- Did you cause a disturbance?
- Was someone else affected by your conduct?
- Were there any witnesses to the incident and if so did they provide a statement?
- Did you endanger the safety of another person or property?
The United States Constitution and the Florida Constitution both guarantee that people be free from self-incrimination. In order for a person to give up their privilege against self-incrimination the person must do so freely voluntarily and knowingly and that is why a person is normally advised of their Miranda rights after arrest but prior to any questioning by a law enforcement officer. It is important for you to know if your privilege against self-incrimination was violated. If your privilege against self-incrimination was violated evidence in your case may be inadmissible. Some important questions to consider are:
- Were you questioned by a law enforcement officer after you were arrested?
- Did you make any statements that are harmful to your case?
- Were you read your Miranda rights?
Osceola County Disorderly Conduct Penalties
Some of the other penalties may include:
- Community Service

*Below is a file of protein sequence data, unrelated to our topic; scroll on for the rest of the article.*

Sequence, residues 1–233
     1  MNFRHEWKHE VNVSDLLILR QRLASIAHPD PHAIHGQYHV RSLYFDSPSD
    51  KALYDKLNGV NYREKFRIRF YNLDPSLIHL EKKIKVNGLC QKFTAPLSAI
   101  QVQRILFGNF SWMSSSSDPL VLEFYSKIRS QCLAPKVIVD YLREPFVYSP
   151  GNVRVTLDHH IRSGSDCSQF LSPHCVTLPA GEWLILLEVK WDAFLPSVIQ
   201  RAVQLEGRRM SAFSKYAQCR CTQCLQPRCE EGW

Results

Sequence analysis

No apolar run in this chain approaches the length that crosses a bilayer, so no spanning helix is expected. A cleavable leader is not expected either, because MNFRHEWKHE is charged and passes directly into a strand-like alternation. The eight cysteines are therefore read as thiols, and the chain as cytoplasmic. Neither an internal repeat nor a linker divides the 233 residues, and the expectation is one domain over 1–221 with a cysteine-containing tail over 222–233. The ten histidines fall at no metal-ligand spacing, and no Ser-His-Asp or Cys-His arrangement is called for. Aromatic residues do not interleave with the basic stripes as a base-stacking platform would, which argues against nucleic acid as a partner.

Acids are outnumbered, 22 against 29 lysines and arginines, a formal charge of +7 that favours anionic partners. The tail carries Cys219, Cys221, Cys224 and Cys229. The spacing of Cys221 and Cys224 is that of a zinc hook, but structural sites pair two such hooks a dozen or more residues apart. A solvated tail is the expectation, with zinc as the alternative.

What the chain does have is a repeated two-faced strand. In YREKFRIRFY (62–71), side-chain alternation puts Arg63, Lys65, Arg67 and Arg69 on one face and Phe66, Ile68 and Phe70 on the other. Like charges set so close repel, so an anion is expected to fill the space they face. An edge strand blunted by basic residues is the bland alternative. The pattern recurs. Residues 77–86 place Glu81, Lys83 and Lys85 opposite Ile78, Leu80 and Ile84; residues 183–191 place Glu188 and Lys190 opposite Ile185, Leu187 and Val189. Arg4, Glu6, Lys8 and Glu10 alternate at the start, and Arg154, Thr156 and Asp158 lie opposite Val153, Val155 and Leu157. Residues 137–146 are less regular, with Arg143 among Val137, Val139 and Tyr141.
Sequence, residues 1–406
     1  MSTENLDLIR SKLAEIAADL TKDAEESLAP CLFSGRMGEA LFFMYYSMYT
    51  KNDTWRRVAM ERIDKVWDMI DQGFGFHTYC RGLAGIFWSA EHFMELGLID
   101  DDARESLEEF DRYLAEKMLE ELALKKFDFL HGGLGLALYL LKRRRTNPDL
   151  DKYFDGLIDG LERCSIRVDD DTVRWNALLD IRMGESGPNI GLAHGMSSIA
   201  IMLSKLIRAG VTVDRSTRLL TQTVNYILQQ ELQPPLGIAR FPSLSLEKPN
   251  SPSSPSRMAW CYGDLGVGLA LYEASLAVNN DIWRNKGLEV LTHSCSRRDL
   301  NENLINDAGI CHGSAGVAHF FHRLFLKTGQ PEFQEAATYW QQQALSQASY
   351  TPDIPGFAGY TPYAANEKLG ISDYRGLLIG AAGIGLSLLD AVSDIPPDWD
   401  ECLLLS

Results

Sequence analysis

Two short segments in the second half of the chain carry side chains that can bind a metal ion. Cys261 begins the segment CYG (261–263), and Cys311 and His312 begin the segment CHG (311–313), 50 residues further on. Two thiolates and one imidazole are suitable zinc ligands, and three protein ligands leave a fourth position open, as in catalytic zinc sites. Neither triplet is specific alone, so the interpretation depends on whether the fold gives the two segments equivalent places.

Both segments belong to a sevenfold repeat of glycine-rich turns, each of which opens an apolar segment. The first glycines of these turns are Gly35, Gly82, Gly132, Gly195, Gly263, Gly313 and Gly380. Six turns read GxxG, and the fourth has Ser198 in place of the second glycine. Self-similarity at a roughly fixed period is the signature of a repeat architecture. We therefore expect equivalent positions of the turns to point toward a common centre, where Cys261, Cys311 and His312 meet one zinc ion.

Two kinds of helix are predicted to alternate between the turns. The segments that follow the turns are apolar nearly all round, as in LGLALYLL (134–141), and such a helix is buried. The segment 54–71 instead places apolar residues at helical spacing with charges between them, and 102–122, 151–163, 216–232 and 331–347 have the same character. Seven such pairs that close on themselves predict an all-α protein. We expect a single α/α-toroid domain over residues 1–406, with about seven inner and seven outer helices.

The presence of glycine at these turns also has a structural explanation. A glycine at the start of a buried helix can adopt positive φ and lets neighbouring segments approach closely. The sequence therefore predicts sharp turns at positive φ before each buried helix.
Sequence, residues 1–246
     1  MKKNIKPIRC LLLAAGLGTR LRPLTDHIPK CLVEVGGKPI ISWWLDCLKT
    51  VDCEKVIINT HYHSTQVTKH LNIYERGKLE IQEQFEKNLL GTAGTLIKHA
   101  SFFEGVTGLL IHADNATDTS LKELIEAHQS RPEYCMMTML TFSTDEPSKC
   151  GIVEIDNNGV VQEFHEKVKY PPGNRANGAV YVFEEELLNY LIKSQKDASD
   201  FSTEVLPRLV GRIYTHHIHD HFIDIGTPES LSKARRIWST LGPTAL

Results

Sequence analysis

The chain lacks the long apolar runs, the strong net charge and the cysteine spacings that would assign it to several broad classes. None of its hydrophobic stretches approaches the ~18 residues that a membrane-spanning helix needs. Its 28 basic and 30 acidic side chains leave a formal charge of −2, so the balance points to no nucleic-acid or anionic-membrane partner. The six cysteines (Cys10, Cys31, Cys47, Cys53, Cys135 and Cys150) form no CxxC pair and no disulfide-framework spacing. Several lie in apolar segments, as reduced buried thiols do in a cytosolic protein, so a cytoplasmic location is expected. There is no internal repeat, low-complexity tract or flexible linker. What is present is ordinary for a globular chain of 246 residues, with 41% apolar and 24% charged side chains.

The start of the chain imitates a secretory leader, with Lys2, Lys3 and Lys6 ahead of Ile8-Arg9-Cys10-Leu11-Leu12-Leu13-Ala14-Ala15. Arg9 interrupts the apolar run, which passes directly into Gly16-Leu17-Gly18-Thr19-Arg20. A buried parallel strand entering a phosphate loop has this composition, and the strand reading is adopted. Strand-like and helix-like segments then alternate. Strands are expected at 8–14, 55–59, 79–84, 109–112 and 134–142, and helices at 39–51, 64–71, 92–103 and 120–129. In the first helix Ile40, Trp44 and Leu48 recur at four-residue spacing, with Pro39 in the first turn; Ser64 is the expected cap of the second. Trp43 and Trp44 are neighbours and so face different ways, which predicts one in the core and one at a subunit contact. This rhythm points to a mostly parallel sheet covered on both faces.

- Cost of Investigation
- Cost of Prosecution
- Court Costs
*Program fees and costs subject to change without notice*
Osceola County Pre-Trial Diversion Program For Disorderly Conduct Charges
This is a deferred prosecution program for selected misdemeanor charges and for selected individuals. This program is offered by the Office of the State Attorney and supervised by Osceola County Community Corrections. Successful completion of the Osceola County Misdemeanor Pre-Trial Diversion Program will result in the dismissal of your charge(s) by the Office of the State Attorney.
- You must have no prior sentence, conviction or dismissal for a similar charge, no prior felony convictions, no prior convictions for charges ineligible for diversion, and no prior adult diversion/deferred prosecution programs.
- You must be a legal resident of the United States.
- You must have no more than one prior misdemeanor conviction.
- Your charge(s) must have no more than $1,000 in restitution.
- You must be approved by the Office of the State Attorney.
- Program length is 6 months
- Program cost is $300
- Program intake fee is an additional $20
- Program drug testing fee is an additional $17
- Program phone reporting fee is an additional $6-$7 per month
- Program Office of the State Attorney fee is an additional $100
- You must perform a minimum of 40 hours of alternative community work service
- Charge specific special conditions
- You are responsible for any additional costs for classes and evaluations
*Program costs and fees subject to change without notice*